Faced with a huge amount of data, astronomers must search in many different sources of data to gather information on their Solar System Objects of interest. Moreover, data formats differ from one source to another. SsODNet aims to address this issue by proposing a unique end-point to collect dynamical and physical properties of bodies (datacloud), as well as the best estimates of these parameters based on scientific choices (ssoCard).

All details are published in Berthier et al., 2022. The full list of bibliographic references used to build the datacloud can be downloaded as a PDF document, or in bibTeX format.

Technical issues

The global architecture of SsODNet is composed of three layers: a user interface, a data access layer, and a data cloud.

The user interface acts as a client of the service. It gathers the parameters, composes the user's request, and posts the request to the end points of SsODNet. A simple way to do this is to use a data transfert program, such as curl or wget, and to send HTTP requests to the Web API (recommended to normal users), or directly to the Web service or the REST APIs (recommended to developers). A personal Web interface can easily be developed to handle the requests and display the results. Feel free to make your own.

SsODNet data can be retrieved and explored in several ways:

  • a Python API, rocks, allows full interaction with SsODNet,
  • a low level REST API, quaero, provides an easy and fast method to resolve and to explore the naming of (extra)solar system objects (public interface)
  • a high level Web service API, built upon a XML+SOAP technology (public interface, SsODNet server), allows to resolve SSO names (resolver) and to retrieve all the dynamical and physical properties of one or more SSO (datacloud),
  • a REST API to retrieve the best estimates of the dynamical and physical properties of a given SSO (ssocard),
  • a broad and flat table (ssoBFT) that compiles all the properties for all SSOs.

The datacloud refers to all the data which are collected and stored in the SsODNet databases, powered by Elasticsearch and MariaDB database engines.

The ssoCard refers to the set of best estimates of the properties of a SSO grouped in a JSON document (metadata mapping).

The celestial coordinates provided by the name resolver are computed by the Miriade Web service. The coordinates of the extrasolar planets are obtained through the PADC TAP service of the Extrasolar Planets Encyclopaedia. Their ephemerides are computed by Miriade, and are based on the celestial coordinates (proper motion, parallaxe, ...) of the parent stars collected via the API of the SIMBAD astronomical database.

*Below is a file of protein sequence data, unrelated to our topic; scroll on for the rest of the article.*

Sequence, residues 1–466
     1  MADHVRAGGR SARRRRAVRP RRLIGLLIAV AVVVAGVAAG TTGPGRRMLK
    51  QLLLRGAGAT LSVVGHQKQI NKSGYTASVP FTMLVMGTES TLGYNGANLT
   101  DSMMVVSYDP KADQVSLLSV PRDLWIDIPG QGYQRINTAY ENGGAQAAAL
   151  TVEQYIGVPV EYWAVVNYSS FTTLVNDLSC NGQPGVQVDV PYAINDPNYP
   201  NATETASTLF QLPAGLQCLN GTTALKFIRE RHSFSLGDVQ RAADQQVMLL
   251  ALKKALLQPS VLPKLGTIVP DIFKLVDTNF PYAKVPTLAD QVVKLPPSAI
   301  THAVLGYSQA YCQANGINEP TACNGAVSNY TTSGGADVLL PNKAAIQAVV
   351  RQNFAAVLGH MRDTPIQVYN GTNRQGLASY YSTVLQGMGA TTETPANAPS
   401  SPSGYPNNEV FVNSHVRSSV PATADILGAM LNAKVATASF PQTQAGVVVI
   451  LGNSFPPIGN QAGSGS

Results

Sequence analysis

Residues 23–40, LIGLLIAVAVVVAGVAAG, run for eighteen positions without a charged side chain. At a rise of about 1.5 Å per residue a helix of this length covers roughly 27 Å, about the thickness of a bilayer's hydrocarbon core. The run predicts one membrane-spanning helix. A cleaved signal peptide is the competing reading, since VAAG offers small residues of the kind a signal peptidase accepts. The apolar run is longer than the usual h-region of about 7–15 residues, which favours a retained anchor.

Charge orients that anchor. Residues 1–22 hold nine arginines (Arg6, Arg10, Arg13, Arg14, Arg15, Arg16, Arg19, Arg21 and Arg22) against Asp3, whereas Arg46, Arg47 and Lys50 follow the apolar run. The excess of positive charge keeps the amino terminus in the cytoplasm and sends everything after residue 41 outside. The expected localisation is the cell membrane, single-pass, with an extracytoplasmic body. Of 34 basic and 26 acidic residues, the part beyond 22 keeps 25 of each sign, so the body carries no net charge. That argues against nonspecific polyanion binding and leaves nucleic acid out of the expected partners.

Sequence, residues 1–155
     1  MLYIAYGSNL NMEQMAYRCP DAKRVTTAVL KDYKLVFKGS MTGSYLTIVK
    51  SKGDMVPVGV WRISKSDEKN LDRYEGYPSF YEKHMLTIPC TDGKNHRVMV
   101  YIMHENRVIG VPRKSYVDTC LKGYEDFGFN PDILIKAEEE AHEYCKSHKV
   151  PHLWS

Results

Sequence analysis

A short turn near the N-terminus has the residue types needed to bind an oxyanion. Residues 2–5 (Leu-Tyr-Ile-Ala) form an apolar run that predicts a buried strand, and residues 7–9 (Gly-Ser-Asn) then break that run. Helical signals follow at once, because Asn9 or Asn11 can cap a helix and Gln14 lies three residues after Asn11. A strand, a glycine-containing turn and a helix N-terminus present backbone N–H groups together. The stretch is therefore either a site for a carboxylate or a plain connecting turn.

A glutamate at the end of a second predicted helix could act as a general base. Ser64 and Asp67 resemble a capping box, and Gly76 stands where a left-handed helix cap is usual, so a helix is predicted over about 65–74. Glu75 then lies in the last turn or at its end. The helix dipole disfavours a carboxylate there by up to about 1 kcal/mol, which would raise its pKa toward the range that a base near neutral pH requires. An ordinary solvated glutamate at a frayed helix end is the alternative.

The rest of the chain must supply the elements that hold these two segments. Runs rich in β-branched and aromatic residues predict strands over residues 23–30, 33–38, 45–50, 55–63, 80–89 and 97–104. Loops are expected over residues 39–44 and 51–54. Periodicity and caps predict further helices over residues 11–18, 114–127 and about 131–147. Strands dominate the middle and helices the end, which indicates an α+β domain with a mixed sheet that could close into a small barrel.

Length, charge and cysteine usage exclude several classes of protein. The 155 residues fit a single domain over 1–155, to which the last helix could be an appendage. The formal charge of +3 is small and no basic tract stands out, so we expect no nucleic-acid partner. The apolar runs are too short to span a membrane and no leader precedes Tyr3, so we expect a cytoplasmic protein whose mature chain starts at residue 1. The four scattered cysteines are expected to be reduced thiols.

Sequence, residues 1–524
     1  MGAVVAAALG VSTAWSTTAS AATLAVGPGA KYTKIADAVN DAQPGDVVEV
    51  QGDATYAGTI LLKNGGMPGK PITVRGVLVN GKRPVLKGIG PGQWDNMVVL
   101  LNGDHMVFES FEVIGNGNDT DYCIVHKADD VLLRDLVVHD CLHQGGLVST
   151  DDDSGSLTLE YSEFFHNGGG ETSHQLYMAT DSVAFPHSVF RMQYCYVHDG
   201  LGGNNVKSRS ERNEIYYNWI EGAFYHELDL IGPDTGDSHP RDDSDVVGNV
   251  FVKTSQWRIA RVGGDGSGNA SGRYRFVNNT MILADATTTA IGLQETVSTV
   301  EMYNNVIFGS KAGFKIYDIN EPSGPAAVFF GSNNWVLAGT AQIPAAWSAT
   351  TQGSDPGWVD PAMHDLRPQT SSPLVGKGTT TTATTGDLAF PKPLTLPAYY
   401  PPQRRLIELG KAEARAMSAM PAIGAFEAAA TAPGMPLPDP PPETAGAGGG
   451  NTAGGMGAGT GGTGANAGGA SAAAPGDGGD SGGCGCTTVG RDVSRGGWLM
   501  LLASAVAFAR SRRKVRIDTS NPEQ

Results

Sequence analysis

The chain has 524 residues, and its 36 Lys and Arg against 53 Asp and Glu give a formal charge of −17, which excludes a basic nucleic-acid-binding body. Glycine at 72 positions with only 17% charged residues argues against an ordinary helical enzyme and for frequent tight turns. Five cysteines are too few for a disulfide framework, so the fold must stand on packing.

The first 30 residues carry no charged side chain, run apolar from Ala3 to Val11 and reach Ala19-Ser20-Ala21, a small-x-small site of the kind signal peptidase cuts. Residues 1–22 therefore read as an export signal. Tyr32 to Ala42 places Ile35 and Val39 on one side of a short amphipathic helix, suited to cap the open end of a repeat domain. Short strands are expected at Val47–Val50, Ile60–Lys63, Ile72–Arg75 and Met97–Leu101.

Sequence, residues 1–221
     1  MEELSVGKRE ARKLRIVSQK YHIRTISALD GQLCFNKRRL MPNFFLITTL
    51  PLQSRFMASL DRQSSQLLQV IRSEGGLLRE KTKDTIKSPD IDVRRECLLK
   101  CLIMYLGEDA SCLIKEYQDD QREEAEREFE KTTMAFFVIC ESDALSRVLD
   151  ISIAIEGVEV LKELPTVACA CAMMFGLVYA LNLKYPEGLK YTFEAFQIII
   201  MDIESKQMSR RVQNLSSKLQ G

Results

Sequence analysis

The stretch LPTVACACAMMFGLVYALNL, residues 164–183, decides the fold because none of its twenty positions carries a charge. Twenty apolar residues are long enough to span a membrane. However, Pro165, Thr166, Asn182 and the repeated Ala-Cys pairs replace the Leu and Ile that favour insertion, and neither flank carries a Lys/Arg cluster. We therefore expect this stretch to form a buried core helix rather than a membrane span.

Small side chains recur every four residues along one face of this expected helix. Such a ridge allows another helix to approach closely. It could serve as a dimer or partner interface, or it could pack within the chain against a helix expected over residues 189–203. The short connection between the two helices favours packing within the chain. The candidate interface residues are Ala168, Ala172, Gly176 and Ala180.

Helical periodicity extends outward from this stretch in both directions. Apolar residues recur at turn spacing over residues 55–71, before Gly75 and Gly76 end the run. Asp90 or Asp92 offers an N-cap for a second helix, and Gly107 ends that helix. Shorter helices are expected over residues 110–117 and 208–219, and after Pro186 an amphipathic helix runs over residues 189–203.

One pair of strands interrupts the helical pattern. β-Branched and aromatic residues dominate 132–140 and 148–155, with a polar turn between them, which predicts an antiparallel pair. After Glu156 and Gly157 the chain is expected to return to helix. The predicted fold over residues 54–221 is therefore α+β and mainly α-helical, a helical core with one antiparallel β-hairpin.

User support

Each response sent back by the SsODNet service contains a ticket number. This 18 digits number (e.g. 176579530759880420) identifies each request and may be help us to retrieve information on its processing. If you face errors by using the SsODNet service (it could occur that no relevant error message is returned), please report us the ticket number corresponding to the problem. It will help us to understand and solve it, and you will help us to improve the service.

The information regarding requests sent to SsODNet is stored in a dedicated database. No personal information is stored, except the anonymized IP address provided by the client, which is only employed to make statistics on the geographical localization of the SsODNet users. The SsODNet logs are never disseminated nor sent on request.

If you are confronted with a bug, or if you would like to request improvements or special needs, please use the IMCCE Mantis Bug Tracker (Quick access: use the Report issue button in the portal menubar).

How to cite SsODNet

If SsODNet was helpful for your research work, the following acknowledgment would be appreciated:

This research has made use of IMCCE's SsODNet VO service (

You can also cite the article presenting SsODNet:

       author = {{Berthier}, J. and {Carry}, B. and {Mahlke}, M. and {Normand}, J.},
        title = "{SsODNet: Solar system Open Database Network}",
      journal = {\aap},
     keywords = {astronomical databases: miscellaneous, catalogs, minor planets, asteroids: general, Astrophysics - Earth and Planetary Astrophysics, Astrophysics - Instrumentation and Methods for Astrophysics},
         year = 2023,
        month = mar,
       volume = {671},
          eid = {A151},
        pages = {A151},
          doi = {10.1051/0004-6361/202244878},
archivePrefix = {arXiv},
       eprint = {2209.10697},
 primaryClass = {astro-ph.EP},
       adsurl = {},
      adsnote = {Provided by the SAO/NASA Astrophysics Data System}